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* DemotedToExtra: This happened to '''all''' of the original members (plus Silver Surfer,) at one point or another in the original volume. Surfer was the one that got hit hardest, barely appearing in the book after joining the team for a few issues early on, but the others suffered from it too. [[PutOnABus Namor left in #14, while Doctor Strange left after the first Annual,]] and [[TheBusCameBack while both of them showed up again,]] [[CommutingOnABus it took a while for them to become as prominent as they used to be.]] Hulk didn't have as much as of this as the others, being a consistent member well until #94, but after that, he didn't appear as much as he used to. While the book may originally been about Hulk, Strange, and other A-Listers, it ended up being more about C and D-listers like Valkyrie, Nighthawk, Hellcat, and others, all of which got more focus than the founding members by the end of the group's original incarnation.
19th May '16 9:16:59 PM kkhohoho
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In the early 1980s, Marvel decided to revamp the book. Nighthawk was killed off (later upgraded to a ConvenientComa), Hellcat and Daimon Hellstrom married and retired, and a (bogus?) prophecy that Doctor Strange, Hulk, Namor, and Silver Surfer would bring about the end of the world led them to leave the team. Valkyrie and Gargoyle reformed the group with three of the founding member of the ComicBook/{{X-Men}} (The Beast, The Angel and Iceman), along with the morally ambiguous Moondragon, the young Atlantis warrior Andromeda, and Cloud, a gas based alien who shape-shifted into both a man and woman during its time with the Defenders. Based in Colorado, in Angel's mansion, this incarnation lasted two years before the title was canceled so that the X-Men characters could be be freed up for the upcoming ''Comicbook/{{X-Factor}}'' series. The entire team, save for Angel, Beast, and Iceman, [[HeroicSacrifice died saving a possessed Moondragon]].)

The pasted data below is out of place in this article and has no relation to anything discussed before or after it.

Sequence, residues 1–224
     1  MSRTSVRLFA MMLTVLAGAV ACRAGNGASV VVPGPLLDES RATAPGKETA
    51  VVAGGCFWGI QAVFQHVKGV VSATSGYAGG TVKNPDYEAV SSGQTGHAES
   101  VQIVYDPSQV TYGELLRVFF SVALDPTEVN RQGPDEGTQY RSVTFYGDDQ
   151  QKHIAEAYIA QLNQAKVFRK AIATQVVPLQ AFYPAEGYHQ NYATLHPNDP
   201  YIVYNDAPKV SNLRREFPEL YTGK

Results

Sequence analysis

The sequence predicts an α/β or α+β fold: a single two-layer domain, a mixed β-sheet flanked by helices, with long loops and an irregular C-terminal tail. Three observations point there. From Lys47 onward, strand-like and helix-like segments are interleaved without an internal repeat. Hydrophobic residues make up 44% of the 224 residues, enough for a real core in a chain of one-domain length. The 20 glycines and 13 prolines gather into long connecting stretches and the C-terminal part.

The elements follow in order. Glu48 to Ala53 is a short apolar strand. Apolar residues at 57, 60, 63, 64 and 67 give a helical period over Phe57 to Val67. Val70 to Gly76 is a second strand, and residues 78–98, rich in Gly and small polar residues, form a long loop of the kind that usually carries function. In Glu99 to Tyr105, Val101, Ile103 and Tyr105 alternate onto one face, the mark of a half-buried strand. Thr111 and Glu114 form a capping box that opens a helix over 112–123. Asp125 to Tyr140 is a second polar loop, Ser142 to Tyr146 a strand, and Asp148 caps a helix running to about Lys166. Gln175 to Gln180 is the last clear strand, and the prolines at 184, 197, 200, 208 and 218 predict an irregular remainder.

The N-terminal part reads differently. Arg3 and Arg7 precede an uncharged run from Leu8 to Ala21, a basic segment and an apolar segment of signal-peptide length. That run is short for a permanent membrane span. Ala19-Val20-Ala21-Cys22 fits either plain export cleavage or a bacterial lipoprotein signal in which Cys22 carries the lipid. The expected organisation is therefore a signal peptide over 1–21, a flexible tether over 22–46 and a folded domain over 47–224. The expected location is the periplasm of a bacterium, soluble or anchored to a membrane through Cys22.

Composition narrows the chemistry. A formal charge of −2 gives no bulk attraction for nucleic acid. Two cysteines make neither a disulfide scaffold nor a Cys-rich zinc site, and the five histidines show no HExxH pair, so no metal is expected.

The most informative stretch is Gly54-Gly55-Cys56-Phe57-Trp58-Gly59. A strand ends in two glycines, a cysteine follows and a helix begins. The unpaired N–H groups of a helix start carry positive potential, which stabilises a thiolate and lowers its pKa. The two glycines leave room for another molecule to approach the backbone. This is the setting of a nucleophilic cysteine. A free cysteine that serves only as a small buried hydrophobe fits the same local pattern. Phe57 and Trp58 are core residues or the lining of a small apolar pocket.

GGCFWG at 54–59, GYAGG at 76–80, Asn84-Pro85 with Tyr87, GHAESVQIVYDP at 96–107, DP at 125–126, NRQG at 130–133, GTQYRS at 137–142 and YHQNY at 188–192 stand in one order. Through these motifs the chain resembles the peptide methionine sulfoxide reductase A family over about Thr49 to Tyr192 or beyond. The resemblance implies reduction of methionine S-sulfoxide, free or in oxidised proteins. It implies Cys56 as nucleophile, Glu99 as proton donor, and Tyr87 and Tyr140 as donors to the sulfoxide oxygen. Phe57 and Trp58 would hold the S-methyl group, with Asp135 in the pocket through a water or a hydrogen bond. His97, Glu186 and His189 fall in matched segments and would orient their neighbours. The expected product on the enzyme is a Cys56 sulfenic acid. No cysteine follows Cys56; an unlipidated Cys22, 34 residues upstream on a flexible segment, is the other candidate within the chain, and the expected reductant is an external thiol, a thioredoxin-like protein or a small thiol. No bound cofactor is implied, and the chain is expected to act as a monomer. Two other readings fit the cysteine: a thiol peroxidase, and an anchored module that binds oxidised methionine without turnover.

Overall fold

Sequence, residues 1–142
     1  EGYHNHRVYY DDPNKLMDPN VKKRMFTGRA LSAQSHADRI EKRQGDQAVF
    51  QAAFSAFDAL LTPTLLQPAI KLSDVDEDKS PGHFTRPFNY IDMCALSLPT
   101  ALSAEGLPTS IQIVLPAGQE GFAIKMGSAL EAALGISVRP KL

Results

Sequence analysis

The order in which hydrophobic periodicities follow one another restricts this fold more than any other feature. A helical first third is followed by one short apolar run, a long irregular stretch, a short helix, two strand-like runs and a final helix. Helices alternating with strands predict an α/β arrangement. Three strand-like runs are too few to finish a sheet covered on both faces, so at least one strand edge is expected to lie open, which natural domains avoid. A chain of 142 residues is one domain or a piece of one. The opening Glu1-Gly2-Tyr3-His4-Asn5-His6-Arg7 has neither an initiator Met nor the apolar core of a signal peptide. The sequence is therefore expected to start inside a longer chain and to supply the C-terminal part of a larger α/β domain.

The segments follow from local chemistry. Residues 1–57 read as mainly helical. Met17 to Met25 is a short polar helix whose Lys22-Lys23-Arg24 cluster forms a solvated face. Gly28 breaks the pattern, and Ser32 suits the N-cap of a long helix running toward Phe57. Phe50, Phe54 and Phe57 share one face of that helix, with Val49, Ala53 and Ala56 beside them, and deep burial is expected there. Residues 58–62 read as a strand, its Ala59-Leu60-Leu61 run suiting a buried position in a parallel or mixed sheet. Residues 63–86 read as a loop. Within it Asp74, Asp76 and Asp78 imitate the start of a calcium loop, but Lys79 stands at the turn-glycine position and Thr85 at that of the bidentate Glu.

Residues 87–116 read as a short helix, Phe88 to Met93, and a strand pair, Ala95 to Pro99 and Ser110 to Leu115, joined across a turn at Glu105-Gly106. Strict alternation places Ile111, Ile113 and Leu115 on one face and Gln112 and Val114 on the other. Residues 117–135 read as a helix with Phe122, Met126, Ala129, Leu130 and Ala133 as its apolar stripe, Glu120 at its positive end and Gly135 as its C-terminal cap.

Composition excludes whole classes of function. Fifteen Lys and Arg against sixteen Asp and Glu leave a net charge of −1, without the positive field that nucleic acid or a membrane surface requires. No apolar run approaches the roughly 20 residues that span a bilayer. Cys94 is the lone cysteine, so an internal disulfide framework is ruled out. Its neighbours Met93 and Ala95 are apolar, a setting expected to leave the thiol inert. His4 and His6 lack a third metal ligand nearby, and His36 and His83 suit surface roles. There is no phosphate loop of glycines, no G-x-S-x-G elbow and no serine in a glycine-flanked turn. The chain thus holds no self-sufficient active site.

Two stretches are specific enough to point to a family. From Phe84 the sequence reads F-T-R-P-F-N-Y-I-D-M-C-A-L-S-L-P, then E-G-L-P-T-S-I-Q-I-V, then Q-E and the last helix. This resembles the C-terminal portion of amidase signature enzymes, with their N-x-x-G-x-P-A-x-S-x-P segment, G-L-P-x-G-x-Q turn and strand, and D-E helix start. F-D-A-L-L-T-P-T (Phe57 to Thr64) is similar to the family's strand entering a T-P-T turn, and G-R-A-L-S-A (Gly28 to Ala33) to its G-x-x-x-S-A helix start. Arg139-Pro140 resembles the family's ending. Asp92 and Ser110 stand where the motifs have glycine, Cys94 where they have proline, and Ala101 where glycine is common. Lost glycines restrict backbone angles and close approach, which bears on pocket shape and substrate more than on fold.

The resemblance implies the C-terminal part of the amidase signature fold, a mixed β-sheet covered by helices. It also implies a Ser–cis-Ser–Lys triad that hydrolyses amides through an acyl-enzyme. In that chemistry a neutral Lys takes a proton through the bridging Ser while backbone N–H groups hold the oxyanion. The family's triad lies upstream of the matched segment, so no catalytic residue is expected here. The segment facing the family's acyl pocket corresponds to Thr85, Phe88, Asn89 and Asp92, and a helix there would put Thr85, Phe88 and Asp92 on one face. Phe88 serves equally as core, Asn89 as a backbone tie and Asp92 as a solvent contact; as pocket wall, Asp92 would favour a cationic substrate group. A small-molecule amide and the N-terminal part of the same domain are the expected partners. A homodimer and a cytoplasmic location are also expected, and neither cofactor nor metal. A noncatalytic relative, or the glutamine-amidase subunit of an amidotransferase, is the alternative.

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In the early 1980s, Marvel decided to revamp the book. Nighthawk was killed off (later upgraded to a ConvenientComa), Hellcat and Daimon Hellstrom married and retired, and a (bogus?) prophecy that Doctor Strange, Hulk, Namor, and Silver Surfer would bring about the end of the world led them to leave the team. Beast (having already joined up a while back,) Valkyrie and Gargoyle reformed the group with three two of the other founding member of the ComicBook/{{X-Men}} (The Beast, The Angel and Iceman), along with the morally ambiguous Moondragon, the young Atlantis warrior Andromeda, and Cloud, a gas based alien who shape-shifted into both a man and woman during its time with the Defenders. Based in Colorado, in Angel's mansion, this incarnation lasted two years before the title was canceled so that the X-Men characters could be be freed up for the upcoming ''Comicbook/{{X-Factor}}'' series. The entire team, save for Angel, Beast, and Iceman, [[HeroicSacrifice died saving a possessed Moondragon]].)
6th Mar '16 9:41:53 AM nombretomado
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* RedScare: Averted with the team's temporary member Red Guardian, who was a Soviet counterpart to CaptainAmerica.